Each year the bear problem gets a bit worse on Vancouver Island.
Food sources are getting harder for these animals to find. Land is being developed or cut back, pushing bears out of their habitats. And all around many remote towns, the bushes have 30 years worth of trash dragged into them.
In the North Island at least, deer carcases are sprinkled around the outskirts of town. This goes to show just how lazy humans are when it comes to being responsible with their waste and attractants.
The problem goes like this: humans leave their trash or attractants out, bear is attracted, becomes habituated, then ultimately shot. Sometimes relocated – but with this reactive system we have, its usually too late and the bear is put down.
Many years ago there was more resources and budgets for wildlife management. Those days are gone. There are more people living in city centres now than there are in the remote wilderness-surrounded towns of B.C.
Infrastructure, policing, schools, and more — cities are gobbling up all of the province’s resources and the small remote towns are suffering. They have lower populations so they do not get the funding that big cities get.
There are one or two conservation officers for the entire North Island. They are overworked and their workload doubles or triples each year.
Bears and cougar sightings and interactions have been dramatically increasing. Bear cubs are having an easier time surviving with the warmer winters. The next few years, I expect the bear populations to explode.
So, here we have an awful situation. Next to no resources available, many cubs being born and surviving, and more and more ignorant humans creating more trash than ever before.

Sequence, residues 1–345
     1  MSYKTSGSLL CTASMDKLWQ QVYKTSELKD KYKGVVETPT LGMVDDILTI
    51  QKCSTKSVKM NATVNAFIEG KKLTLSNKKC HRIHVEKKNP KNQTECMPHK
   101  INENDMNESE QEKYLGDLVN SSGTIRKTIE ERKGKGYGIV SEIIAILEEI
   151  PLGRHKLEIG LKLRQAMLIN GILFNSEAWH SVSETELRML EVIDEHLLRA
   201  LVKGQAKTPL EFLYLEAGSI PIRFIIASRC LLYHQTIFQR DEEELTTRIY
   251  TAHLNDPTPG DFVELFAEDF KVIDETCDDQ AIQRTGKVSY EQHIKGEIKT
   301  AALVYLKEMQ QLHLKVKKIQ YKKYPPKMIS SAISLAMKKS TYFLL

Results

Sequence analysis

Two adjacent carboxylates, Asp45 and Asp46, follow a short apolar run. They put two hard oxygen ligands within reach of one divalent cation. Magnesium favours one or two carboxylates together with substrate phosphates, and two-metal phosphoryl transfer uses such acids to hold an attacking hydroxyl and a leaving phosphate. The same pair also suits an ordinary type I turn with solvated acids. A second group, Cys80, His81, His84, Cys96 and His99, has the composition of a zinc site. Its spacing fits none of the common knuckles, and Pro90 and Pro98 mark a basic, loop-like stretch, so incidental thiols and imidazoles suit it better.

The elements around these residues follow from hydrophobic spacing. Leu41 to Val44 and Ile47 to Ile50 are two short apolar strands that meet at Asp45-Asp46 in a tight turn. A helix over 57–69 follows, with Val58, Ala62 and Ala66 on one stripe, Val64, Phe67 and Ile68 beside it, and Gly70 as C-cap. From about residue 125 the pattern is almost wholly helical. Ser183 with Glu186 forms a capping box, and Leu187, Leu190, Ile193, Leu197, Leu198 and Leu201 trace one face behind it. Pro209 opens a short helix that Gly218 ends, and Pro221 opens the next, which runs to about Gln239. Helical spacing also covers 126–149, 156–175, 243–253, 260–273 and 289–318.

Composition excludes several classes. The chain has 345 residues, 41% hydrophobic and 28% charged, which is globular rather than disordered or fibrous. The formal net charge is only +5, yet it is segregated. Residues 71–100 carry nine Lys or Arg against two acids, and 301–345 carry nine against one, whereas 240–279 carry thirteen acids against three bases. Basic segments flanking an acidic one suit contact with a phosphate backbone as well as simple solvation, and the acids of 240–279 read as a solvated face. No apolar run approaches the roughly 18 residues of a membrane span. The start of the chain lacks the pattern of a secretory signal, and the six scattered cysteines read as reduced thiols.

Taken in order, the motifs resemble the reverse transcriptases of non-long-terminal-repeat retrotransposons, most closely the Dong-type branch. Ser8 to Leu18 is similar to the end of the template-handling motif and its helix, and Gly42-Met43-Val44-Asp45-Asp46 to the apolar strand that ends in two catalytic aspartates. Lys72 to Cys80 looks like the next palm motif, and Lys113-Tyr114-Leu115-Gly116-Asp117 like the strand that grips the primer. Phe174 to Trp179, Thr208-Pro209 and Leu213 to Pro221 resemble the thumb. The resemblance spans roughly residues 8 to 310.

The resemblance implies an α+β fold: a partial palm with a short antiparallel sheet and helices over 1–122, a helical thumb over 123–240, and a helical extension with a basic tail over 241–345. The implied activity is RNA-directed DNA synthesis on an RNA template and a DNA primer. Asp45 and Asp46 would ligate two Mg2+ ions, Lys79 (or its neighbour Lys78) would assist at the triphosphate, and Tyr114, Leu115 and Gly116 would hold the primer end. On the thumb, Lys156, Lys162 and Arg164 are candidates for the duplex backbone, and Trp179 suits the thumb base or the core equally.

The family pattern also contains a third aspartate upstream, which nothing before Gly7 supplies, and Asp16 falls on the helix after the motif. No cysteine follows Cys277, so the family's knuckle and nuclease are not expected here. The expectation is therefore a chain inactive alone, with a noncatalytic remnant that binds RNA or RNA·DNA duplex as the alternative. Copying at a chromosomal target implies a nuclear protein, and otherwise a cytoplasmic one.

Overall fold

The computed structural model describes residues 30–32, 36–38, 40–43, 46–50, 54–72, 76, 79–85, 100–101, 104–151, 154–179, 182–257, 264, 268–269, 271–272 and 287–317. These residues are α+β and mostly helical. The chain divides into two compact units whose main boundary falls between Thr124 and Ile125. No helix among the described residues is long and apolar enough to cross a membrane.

This is a recipe for disaster. And is quickly becoming one.
Bears are dying because of the humans. We have made trash such so readily available, and plantiful: just as their natural food sources are drying up – why bother hunting for food when trash is so easy to come by?
We are going to have more bear related incidents, more run ins, more aggressive, hungry bears if we don’t act now.
The saddest part of this problem – this is preventable. We have people leaving crab and fish guts inside a blue bin right beside a bear path and lair.
We have people leaving bags of dirty diapers outside their homes as they are ‘too stinky’ to keep inside.
Thirty years worth of trash laying in the bush, humans who just do not care and feel entitled to treat the Earth like a garbage can, people who will leave their trash beside the blue bin because they can’t fit it in, people leaving their trash beside the big green bear-proof bins because their trash bag wouldn’t fit inside bear proof hatch, people dumping on backroads or mountain tops: thhe list goes on and on.
Notice how much of these are human caused issues. This is what has to change. We need to step up our game.
We can’t keep shooting or trying to relocate problem bears. That’s a Band-aid solution to a much bigger problem. This is our fault, not theirs.
How you can help:
- Freeze all leftovers that will stink up your trash bag.
- Have a five gallon bucket or ice cream bucket in your freezer.
- Put all scraps in there until garbage day.
- Double bag stinky garbage for storage in your carport, shed, laundry room.
- Wash out as many containers and food particles from recyclable plastics and other single use items.
- Recycle. If we use something once and it stays on our planet for 400 years if it doesn’t get recycled.
We have to do better.
Make a trip to the dump weekly if you have excess trash. We can spend tons of money on junk, new clothes, plastic one use items, but we can’t make sure it all gets disposed of or recycled properly and accordingly?
Get fruit off of fruit trees as soon as possible. If you live on a greenbelt surrounding a town you have to be extra vigilant.
If you have a neighbor who repeatedly leaves their trash out – please go have a kind chat with them. Try to leave your emotions out of it and just relay facts. Educate, do not belittle your neighbour if they leave their trash out. Belittling does nothing. Educating breaks the cycle.
If they are rude or continue to leave out trash – please report to the district and conservation office.
We can’t complain about the bears if we aren’t doing all that we can and right now we are failing them.
What are you doing to be a part of the solution?
Jill Laviolette recently won a Local HeroAward for Environmental Leadership, volunteers for The Hub: North Island and Van Isle Coastal and Backroading Awareness. You can find them on Facebook or www.vanislecoastalandbackroadingawareness.ca